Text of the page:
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Self-improvement assignments

This is a discussion on Self-improvement assignments within the General photography forums, part of the Photography & Fine art photography category; I am sure we have all heard of things to do to improve our photography. With all the workshops, websites, ...

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    Greg_Nuspel's Avatar
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    Default Self-improvement assignments

    I am sure we have all heard of things to do to improve our photography. With all the workshops, websites, podcasts, etc. there is a wealth of self assignments for people to try to improve their photo techniques. So lets share your favourite tasks here. I'll start with this one.

    Learning to see what you lens sees:
    1. Take your lens, if it is a zoom set it at one focal length.
    2. Now for the fun part, get on your belly and while looking through your camera crawl around your house, yard, local park.....
    3. Observe how perspective and composition changes as you move about
    4. Now get on your knees and repeat the above
    5. Work your way up even use a chair or step ladder if you wish

    As you do this you will start to learn how your lens sees the world, how perspectives change. Try this with each lens you own or at different zoom settings. Soon you will be able to look at a scene and know what lens/focal length you want to use first. This helps when subjects aren't going to stay for you to try everything in your bag. It may also show you new ways of seeing.

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    tomorrowstreasures is offline Senior Member
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    great exercise, Greg!

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    Greg if you choose to start this off - I can place it in the assignments section and create a subforum for it!

    Thanks!
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    Sounds great I hope everyone will contribute their favorite exercise.

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    If I'm trying to push myself or teaching others around me I usually set a single subject or specific location as an assignment and then set a number of different photos I want to see.

    For instance, it might be a statue in a park and I might want to see 20 or 30 different shots.

    This forces me (or the person I'm teaching) to really give lots of thought of how to get those shots.

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    Default Camera Tag

    I'm not sure if this will help anyone's photog skills, but it's a fun game to play with the little ones. I came up with it while at a playground with my son. He always want me to catch him but I sometimes don't have the energy to just straight out catch him. He would also run (and scream) whenever he saw me coming with the camera. So I just put the 2 together into a game.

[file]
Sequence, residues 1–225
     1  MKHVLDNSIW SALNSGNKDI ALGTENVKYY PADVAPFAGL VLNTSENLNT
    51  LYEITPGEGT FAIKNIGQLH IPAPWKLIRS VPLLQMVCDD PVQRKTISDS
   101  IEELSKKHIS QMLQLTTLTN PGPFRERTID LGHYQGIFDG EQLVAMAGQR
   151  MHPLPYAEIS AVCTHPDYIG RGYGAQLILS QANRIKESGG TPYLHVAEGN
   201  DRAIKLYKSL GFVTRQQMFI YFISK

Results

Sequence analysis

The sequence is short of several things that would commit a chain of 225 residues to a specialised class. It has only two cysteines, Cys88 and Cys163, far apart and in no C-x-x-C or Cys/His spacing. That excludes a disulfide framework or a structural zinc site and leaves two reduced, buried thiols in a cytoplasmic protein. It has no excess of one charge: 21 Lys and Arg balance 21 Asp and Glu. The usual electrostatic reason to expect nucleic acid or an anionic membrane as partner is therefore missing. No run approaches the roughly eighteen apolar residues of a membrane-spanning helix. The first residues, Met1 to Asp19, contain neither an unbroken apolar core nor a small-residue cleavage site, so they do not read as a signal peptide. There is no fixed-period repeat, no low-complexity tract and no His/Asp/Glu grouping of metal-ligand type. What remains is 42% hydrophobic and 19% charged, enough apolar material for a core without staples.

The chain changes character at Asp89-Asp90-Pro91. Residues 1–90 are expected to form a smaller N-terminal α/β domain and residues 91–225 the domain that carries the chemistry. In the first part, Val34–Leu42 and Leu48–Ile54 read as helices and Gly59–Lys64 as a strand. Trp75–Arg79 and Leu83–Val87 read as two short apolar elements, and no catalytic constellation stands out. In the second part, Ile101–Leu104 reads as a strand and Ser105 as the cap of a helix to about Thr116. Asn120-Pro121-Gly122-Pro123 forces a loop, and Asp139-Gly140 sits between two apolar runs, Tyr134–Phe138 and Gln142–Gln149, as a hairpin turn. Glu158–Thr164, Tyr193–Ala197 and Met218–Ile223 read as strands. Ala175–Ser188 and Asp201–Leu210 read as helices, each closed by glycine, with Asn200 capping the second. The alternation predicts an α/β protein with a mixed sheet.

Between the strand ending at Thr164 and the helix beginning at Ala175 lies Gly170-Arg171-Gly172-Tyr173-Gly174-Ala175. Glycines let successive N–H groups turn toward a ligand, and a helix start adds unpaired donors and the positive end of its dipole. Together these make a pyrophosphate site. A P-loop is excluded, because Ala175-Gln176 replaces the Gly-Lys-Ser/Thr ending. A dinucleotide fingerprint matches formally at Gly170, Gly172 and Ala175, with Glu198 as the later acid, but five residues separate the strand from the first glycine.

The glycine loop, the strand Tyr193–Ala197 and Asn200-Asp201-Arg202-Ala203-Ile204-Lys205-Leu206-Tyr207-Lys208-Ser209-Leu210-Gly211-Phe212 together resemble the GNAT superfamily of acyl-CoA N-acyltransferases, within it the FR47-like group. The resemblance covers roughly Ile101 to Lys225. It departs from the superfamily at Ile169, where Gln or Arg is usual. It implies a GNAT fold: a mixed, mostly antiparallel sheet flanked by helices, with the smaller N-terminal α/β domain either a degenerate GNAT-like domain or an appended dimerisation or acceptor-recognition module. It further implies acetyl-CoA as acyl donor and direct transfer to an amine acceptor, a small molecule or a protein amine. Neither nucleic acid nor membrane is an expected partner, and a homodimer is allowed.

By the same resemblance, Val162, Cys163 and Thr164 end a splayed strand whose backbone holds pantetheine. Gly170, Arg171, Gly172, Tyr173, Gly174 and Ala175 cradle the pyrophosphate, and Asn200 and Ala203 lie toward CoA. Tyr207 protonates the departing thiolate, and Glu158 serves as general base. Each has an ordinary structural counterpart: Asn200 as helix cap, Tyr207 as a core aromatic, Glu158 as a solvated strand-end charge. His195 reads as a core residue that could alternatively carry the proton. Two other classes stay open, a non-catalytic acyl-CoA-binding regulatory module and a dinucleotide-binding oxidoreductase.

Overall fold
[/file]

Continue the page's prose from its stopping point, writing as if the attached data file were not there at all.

You will need a place to play. I recommend a playground/jungle gym type place but you could do this at a park, inside a big house, or where ever is big enough to run around and hide. The more complex the place, the more fun it is and the more potential for interesting pics.

    You will need at least one child (or child at heart) willing to run around and hide.

    And you will of course need a camera. A fast one, such as a dslr is preferable, although a point and shoot might be a fun challenge. A real challenge would be to turn off your auto focus!

    The object of the game is to get "good" shots of the child while they are evading you. I warn you, if you "spray and pray" with burst mode, you gonna have lots of pics. But memory's cheap and digital's free. And even if you don't come home with any winners, at least you get to bond with the subject.

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    mindforge is offline Senior Member
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    Quote Originally Posted by BlueX View Post
    I'm not sure if this will help anyone's photog skills, but it's a fun game to play with the little ones. I came up with it while at a playground with my son. He always want me to catch him but I sometimes don't have the energy to just straight out catch him. He would also run (and scream) whenever he saw me coming with the camera. So I just put the 2 together into a game.
    Changing perspectives is always a good thing. Here are some photo exercises I do.

    1. Take pictures of letters. Try to do the alphabet in 10 minutes. The drawback -- you cannot take pictures of actual letters they must be formed by objects with minimal manipulation. This makes you change perspective around objects. The time limit really helps.

    2. In twilight, try and take slower shots of passing cars. It really helps with panning. Increase zoom to make it harder.

    3. Chase your kids around with a camera. Use single shots only. Decrease shutter speed for a challenge.

    4. Shoot film. I used to shoot one shot a day with a film camera. I shoot three to five shots a day now. I am upgrading my film camera soon. Shooting film brings you backward, slows your composition down -- you have to pay for film.

    5. My favorite. Use 3 or more wireless flashes to create interesting lighting on a subject. I started doing this with lamps and aluminum wrapped cardboard tubes and stuff.

    6. Get out once a week to take pictures at a place you have never been. Make a list of these places. Print ten pictures from each trip but only ten for your own album for the trips. Plan them a month in advance... take your family... whatever. Just print the pictures... it really helps to keep a album or journal with the pictures in them.

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